The Gym


by cheri

It has been 10 months since I entered a space wholly unfamiliar to me. A space where iron clanks.

I can now do ten push-ups. My biceps I can see. My triceps are another story, still hidden by flesh that believes itself to be important.

My quads will now let me sit against a wall for a minute. I can run on the treadmill for 30 minutes easily. I may be 65, but I feel 51.

I am late to the party, I realize. Many of you have worked out for years. My good friends Muni, Ken G., Bill, Cindy U., Ken B., Sharon , Ben,  Jim, Gary W., Tiffany L. and a host of other people who occasionally read this blog, have pounded the pavement, climbed the hills, walked the trails, swum the waves, pushed the pedals, and pumped the weights.

So, now I am one of you, albeit not as fit (yet).

My question: what keeps you going back to endure the pain? I think I know the answers but want to hear from you.



About Cheri

Writer, artist, cable television host, grandmother to four!
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22 Responses to The Gym

  1. Cindy Usedom says:

    Cheri, the soreness after a workout makes me feel alive and moving forward!
    As I get older, I like the idea of tricking the system to stay as fit and youthful as possible.
    And I enjoy the working out:-) love Cindy

    • Cheri says:

      I like your line, “tricking the system.” Did you mean your respiratory system? Your nervous system? Which one? 🙂 Hey, you were one of the reasons I started “working out” remember?

  2. bogard says:

    Hi Cheri,

    For me it is the indisputable evidence that resistance exercise and aerobic training are the best medicine to reverse poor life-style choices, which lead to cardiovascular disease, type 2 diabetes, and falls (all other odd/genetic occurrences notwithstanding). This is scientific fact. Additionally, it just makes me feel more alive. Keep at it, girl. You are doing just fine. Hope you and The Judge had a great trip to France and England. Quite a time to be there!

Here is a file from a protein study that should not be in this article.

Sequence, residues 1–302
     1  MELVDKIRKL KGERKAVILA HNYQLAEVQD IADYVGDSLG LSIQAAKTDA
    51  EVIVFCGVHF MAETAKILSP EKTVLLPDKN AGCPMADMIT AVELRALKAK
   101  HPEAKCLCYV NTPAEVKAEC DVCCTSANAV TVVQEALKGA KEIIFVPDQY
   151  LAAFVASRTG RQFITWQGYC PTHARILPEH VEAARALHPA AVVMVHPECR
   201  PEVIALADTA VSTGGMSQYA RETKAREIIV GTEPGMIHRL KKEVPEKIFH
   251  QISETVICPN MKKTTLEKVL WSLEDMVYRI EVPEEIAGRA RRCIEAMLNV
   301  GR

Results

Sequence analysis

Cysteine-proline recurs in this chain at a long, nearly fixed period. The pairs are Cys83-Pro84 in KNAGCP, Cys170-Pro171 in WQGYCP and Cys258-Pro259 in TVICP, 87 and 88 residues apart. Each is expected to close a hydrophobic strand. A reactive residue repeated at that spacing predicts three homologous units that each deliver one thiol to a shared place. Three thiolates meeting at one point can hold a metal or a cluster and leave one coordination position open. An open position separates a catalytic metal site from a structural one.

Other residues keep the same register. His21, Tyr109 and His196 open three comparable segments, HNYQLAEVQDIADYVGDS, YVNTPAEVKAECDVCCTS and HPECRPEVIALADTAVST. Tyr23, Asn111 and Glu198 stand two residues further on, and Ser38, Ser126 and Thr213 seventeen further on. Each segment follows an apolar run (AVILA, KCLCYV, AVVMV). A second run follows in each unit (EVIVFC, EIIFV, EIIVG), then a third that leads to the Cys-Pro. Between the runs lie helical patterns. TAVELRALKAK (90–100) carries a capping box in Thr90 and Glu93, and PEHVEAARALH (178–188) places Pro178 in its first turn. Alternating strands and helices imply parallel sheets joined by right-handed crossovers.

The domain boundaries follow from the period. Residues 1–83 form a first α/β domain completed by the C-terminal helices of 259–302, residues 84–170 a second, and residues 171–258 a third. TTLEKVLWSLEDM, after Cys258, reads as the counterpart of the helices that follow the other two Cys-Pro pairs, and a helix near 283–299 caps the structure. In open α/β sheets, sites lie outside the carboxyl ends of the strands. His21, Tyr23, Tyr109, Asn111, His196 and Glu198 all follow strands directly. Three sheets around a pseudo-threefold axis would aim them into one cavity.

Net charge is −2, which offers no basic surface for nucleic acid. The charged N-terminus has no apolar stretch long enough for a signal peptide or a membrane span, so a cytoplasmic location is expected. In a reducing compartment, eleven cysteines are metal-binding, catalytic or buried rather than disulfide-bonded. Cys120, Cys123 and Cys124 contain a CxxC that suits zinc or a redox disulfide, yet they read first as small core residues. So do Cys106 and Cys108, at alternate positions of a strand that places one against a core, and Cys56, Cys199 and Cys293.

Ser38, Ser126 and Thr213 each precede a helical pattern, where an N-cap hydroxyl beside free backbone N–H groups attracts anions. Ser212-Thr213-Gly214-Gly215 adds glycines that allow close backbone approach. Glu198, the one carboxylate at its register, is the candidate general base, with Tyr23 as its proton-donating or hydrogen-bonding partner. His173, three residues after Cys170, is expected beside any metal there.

• Cheri says:

      My dear Bill,
      You have been a fitness guru all of your life. I will tell my readers that you are Dr. Bill, an esteemed professor of physical therapy (soon to be retired), so when you speak about fitness, I listen. I am doing as much resistance training as I can but hope to go 3x a week this summer. Now, we need to get the judge on this regimen. When hell freezes over…And yes, London was fabulous.

  3. Tiffany Leathers says:

    1. Take care of my temple because it’s the only one I got!
    2. To satisfy my sweet tooth with less guilt.
    3. To look like you when I grow up 🙂

    • Cheri says:

      Tiffany, how I left you off my list, I do not know. I am honored that you read my blog regularly. Wow. You are the epitome of fitness. I worship your muscles and determination (remember, we are not calling determination the same thing as being stubborn. Tee hee. Thanks for your comment. You are a beautiful grown-up woman.

  4. Jim says:

    Health maintenance: keeping my BP and sugar level in check w/o the need for meds. Plus not looking like some of my beer gut friends and neighbors!! 🙂

    • Cheri says:

      Ha!! When I saw you recently in Fremont, I almost didn’t recognize you. You look SO GOOD. As I have told my significant other, once the beer belly happens, it is tough to get rid of. Women too. I don’t know why but that belly fat just hangs on like blubber. You are to be commended. I’m sure with the fitness/weight loss, your numbers and levels have all become great. Maybe we should walk the John Muir Trail?

  5. Brighid says:

    I work out by living life. It’s way more cost effective.

  6. Muni says: